The CDC recommends youth begin all three doses of the HPV vaccine at age 11 or 12, the vaccine is most effective when all does are received before a person has their first sexual encounter.

Youth and young adults up to age 26 are encouraged to get vaccinated.

TRICARE coverage of the HPV vaccine starts at age 9 through 26. For more information on the HPV vaccine, contact your medical team through Secure Messaging Services at https://app.relayhealth.com/.

To schedule a well woman exam or Pap test, visit http://www.tricareonline.com, or call the appointment line at 785-239-DOCS (3627).


The Joint Commission Re-Accredits IACH

Irwin Army Community Hospital received its long-awaited Gold Seal of Approval in December.

The accreditation document is awarded by The Joint Commission for demonstrating continuous compliance with performance standaGoldSeal_4colorrds. It reflects a hospital’s commitment to providing safe and effective patient care.

“We are delighted to have earned our three-year hospital accreditation from The Joint Commission,” said COL Risa Ware, IACH Commander. “The IACH team underwent a rigorous on-site survey to re-accredit the hospital. The achievement demonstrates the high quality and commitment of all our providers and staff.”

The Joint Commission evaluates and accredits more than 20,500 health care organizations and programs in the United States. It has accredited hospitals for more than 60 years. The Joint Commission’s hospital standards are developed in consultation with health care experts and providers, measurement experts, and patients. The standards are informed by scientific literature and expert consensus to help hospitals measure, assess and improve performance.

A team of five Joint Commission expert surveyors evaluated IACH for compliance with hospital standards related to several areas, including provision of care, emergency management, environment of care and facilities, infection prevention and control, leadership, patient safety, and medication management.

“Joint Commission accreditation provides hospitals with the processes needed to improve in a variety of areas from the enhancement of staff education to the improvement of daily business operations,” said Mark G. Pelletier, Chief Operating Officer, Division of Accreditation and Certification Operations, The Joint Commission. “In addition, our accreditation helps hospitals enhance their risk management and risk reduction strategies. We commend Irwin Army Community Hospital for its efforts to become a quality improvement organization.”

TRICARE Pharmacy Copays Change February 1

2016-Copays-ChangesOn Feb 1, 2016, most copays for prescription drugs at Home Delivery and retail network pharmacies will increase slightly.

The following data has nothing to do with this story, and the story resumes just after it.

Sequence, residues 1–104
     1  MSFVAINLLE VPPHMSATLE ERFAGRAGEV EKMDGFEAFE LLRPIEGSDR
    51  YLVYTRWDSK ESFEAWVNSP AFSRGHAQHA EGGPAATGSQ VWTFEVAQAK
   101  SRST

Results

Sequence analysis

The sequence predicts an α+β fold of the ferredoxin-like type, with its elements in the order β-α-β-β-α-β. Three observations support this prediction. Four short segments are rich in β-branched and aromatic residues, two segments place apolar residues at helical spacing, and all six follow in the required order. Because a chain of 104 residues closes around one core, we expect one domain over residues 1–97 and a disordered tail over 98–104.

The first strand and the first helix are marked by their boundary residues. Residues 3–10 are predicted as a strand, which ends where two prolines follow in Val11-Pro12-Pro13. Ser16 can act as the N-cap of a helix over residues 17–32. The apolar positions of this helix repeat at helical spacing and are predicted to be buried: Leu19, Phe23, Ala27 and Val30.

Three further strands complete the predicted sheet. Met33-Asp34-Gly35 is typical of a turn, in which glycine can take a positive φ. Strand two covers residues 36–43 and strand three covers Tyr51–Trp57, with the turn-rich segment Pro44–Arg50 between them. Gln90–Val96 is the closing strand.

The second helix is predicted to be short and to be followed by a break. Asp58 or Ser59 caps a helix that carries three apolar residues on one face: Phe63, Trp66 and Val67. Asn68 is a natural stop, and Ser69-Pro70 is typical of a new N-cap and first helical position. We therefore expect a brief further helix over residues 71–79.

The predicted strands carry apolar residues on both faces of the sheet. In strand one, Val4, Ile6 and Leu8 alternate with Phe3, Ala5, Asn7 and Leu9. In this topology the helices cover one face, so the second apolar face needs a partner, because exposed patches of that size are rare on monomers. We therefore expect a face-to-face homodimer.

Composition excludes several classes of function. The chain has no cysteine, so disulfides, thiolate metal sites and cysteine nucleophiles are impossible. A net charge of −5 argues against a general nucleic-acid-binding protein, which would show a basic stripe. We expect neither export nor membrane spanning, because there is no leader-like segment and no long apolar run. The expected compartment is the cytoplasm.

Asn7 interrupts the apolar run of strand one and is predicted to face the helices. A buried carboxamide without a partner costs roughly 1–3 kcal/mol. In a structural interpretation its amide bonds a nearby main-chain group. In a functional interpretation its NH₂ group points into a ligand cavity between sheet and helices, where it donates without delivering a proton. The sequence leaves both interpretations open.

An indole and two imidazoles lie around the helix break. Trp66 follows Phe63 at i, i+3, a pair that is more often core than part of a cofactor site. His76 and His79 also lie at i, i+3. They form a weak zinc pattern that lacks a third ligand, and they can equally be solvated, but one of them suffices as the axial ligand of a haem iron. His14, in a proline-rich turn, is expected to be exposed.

Military pharmacies and TRICARE Pharmacy Home Delivery will remain the lowest cost pharmacy option for TRICARE beneficiaries when some TRICARE pharmacy copays change in 2016.

The 2016 National Defense Authorization Act requires TRICARE to change its prescription copays. All drugs at military pharmacies, and generic drugs through Home Delivery, are still available at no cost to beneficiaries. Copays for brand name drugs through Home Delivery increase from $16 to $20, for up to a 90-day supply. At retail pharmacies, generic drug copays go from $8 to $10, and brand name drug copays go from $20 to $24 dollars, for up to a 30-day supply. Copays for non-formulary drugs and for drugs at non-network pharmacies will also change.

Beneficiaries can save up to $208 in 2016 for each brand name prescription drug they switch from retail pharmacy to Home Delivery. Home Delivery offers safe and convenient delivery of your prescription drugs right to your mailbox.

To see the new TRICARE pharmacy copays, learn more about the TRICARE Pharmacy benefit, or move your prescription to Home Delivery, visit www.tricare.mil/pharmacy.

Hooking Youth on Cotton Candy Nicotine

Pvt. Hunter Chubb had already quit smoking. Basic Combat Training left him no choice.

The marketings efforts of the electronic cigarette industry are catching the attention of a new generation of consumers: youth. Pvt. Hunter Chubb, a former vaper, believes that’s on purpose.
The marketing efforts of the electronic cigarette industry are catching the attention of a new generation of consumers: youth. Pvt. Hunter Chubb, a former vaper, believes that’s on purpose.

“That was a good thing,” said the preventive medicine specialist with the Fort Riley Public Health Department. “I came to appreciate my new found freedom.”

Weeks after completing boot camp his freedom was cut short. A friend introduced him to the electronic cigarette. It wasn’t the first time he’d seen the device. But there was something different.

“It looked really cool,” said Chubb, “similar to owning a flip phone and seeing a smartphone for the first time. You just really want it.”